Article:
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Austin’s economic outlook is grim, but better than nation
Thursday, April 23, 2009 by Austin Monitor
The city council got a look yesterday into how the economic downturn is likely to effect the city over the next five years, and it’s not good news. The city is likely to be around $30 million in the hole in 2010, even if property taxes are pegged the “rollback tax rate,” which is the most the city can raise taxes without triggering the possibility of a rollback election. In practical terms, most Austinites won’t see a huge increase in property taxes, because the model assumes that most houses in the city will be assessed at a lower value. State law also limits the amount a property’s assessed value can increase to 10 percent per year.
Jon Hockenyos of Texas Perspectives outlined
Hockenyos noted that
The city’s economic team gave an economic forecast through 2014. It shows property taxes staying relatively stable. Mayor Will Wynn noted that office buildings could fall faster than residential, although the city is not allowed to create two separate tax rates, which effectively leaves homeowners bearing more of the burden. Sales tax will be much more volatile over the next five years, with the projections showing it falling 15 percent by the end of 2011 before beginning to slowly climb back up.
The majority of the city’s expenditures are on personnel, with most going to public safety employees, who also have a contract that includes raises over the next couple years. Council Member Brewster McCracken once again suggested that the contract be renegotiated, and also suggested that all city employees, including council members, take a one percent pay cut. City Manager Marc Ott thanked him for the suggestion, but said he wasn’t going to go on record with any budget cutting proposals until he had heard from city departments.
Deputy CFO Greg Canally, under questioning from McCracken, made clear that the city has no “slack capacity” for bonds. In other words, given what the city’s financial planners now know, it would not be possible to issue any more bonds without raising taxes. Council Member Lee Leffingwell has said that, if elected Mayor, he would like to hold a bond election for transportation funding in 2010. McCracken has said the city can’t afford to do that.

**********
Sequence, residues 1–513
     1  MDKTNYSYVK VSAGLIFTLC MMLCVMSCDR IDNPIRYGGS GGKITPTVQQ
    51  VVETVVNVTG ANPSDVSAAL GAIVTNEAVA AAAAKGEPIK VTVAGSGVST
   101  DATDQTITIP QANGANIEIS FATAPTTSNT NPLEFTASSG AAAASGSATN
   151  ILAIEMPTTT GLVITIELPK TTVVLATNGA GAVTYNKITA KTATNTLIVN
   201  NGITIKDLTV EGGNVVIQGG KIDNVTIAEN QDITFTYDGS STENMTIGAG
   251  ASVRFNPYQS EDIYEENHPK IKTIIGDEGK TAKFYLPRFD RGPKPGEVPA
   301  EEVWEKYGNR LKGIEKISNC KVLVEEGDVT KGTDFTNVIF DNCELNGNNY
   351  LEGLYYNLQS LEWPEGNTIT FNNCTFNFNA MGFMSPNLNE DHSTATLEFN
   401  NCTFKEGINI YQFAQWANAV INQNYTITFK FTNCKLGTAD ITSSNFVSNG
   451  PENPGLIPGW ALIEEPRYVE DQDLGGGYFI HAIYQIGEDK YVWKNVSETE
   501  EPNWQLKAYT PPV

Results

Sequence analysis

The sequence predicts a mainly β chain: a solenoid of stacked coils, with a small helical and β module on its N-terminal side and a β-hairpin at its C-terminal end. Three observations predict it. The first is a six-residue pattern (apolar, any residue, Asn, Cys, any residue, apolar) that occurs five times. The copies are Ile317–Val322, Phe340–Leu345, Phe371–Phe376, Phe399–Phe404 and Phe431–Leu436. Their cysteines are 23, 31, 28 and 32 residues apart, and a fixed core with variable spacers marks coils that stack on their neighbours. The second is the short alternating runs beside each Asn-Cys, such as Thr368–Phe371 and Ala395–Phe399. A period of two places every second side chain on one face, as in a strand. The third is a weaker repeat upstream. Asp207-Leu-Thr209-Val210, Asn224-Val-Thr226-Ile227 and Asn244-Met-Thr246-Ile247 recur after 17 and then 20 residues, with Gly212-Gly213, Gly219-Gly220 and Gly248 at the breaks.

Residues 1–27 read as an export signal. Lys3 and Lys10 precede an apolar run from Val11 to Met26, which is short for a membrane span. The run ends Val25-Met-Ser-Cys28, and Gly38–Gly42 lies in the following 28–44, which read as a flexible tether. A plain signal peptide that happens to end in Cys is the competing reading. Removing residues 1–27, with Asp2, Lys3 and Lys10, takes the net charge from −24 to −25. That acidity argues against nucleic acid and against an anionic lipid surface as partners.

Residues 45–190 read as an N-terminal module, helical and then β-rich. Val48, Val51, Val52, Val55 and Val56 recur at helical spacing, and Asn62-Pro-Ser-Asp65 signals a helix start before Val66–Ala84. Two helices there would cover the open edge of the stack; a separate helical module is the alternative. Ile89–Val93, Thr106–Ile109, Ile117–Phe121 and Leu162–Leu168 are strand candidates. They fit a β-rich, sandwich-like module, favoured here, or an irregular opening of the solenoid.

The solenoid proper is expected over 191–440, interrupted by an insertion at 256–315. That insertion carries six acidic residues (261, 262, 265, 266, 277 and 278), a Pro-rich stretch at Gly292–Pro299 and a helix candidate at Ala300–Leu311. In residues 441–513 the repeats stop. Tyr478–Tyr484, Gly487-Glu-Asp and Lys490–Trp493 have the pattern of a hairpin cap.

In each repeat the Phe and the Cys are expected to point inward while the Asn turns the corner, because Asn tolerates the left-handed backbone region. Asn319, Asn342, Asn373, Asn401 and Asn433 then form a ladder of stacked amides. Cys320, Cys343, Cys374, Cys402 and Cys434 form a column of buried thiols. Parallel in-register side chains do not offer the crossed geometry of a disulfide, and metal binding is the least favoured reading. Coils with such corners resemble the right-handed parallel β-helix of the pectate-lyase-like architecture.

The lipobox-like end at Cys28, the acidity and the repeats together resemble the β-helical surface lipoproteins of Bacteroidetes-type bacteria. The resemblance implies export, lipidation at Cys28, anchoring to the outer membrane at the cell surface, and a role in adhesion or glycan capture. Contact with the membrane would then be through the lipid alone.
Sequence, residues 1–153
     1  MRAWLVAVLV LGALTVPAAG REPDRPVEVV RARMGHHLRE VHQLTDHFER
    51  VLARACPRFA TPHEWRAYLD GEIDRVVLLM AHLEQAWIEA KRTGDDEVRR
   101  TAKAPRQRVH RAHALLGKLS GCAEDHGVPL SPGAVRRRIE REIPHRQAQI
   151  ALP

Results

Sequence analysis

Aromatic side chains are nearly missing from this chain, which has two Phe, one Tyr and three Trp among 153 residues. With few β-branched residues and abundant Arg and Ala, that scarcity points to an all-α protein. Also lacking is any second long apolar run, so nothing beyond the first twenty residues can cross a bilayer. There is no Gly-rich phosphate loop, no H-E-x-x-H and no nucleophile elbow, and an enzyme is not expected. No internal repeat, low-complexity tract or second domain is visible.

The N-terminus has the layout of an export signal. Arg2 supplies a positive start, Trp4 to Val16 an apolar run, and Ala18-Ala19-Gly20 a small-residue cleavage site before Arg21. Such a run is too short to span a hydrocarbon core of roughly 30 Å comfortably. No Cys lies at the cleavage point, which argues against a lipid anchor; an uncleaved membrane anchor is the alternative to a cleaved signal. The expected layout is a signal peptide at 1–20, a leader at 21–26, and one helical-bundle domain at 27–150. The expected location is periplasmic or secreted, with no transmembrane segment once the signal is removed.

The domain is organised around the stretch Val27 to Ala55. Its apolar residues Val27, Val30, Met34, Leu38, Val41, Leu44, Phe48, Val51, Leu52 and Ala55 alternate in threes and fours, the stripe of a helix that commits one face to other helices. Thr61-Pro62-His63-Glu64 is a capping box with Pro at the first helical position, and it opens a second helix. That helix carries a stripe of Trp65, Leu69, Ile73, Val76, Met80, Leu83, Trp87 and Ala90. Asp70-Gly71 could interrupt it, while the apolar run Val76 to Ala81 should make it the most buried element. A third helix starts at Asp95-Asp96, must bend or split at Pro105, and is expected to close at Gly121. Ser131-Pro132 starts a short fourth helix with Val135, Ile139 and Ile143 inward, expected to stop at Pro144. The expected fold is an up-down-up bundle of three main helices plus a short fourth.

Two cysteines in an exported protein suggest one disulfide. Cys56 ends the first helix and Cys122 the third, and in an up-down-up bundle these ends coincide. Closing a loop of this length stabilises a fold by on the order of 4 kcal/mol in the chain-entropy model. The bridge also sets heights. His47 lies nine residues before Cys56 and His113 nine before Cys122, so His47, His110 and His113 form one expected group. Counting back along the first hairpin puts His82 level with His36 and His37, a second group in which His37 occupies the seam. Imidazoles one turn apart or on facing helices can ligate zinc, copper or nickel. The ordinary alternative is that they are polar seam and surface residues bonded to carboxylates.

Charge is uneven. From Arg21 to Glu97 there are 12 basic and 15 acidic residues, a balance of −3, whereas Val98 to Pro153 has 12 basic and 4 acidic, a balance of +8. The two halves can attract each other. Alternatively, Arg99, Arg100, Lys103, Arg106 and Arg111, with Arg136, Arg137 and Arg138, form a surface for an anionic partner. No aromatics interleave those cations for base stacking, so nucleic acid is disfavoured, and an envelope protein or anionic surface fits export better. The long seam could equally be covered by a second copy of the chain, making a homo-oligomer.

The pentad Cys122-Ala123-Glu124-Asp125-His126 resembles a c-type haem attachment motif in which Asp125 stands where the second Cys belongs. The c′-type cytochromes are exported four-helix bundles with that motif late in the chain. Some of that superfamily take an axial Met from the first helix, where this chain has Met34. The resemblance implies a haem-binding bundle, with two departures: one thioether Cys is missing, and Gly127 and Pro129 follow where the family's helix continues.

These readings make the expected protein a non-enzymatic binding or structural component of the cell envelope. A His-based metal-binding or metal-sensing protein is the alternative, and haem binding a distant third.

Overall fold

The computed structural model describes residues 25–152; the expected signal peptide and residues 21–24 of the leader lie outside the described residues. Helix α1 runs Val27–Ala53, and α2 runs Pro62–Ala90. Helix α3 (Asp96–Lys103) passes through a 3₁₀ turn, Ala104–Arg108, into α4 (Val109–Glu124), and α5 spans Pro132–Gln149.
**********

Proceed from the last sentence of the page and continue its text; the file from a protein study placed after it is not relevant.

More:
At the end of the session, Leffingwell did a little cross-examination of his own on the bond question, forcing Canally to backtrack and land on a safer position. “Right now we haven’t done a detailed capacity analysis,” he said. There are a lot of factors to be considered. But “that work has not been done.” Of course, the city could do a bond election. The real question is what year could bonds be issued as a result of that election that would not raise property taxes. The city is currently in the midst of a 7-year cycle for bonds that were authorized in 2006.
Ott stressed that the big picture is that
Council Member Laura Morrison said she was really struck by one of Hockenyos’ statements. “I think it was very significant the projection that personal income will drop by 6 percent because this says to me this is really hitting people’s pocketbooks—they’re having to change their habits, they’re having to change their lifestyle, they’re having to change their spending.”
That is something the Council will have to bear in mind as they ponder the tax rate, the budget cuts and the city’s future this summer.
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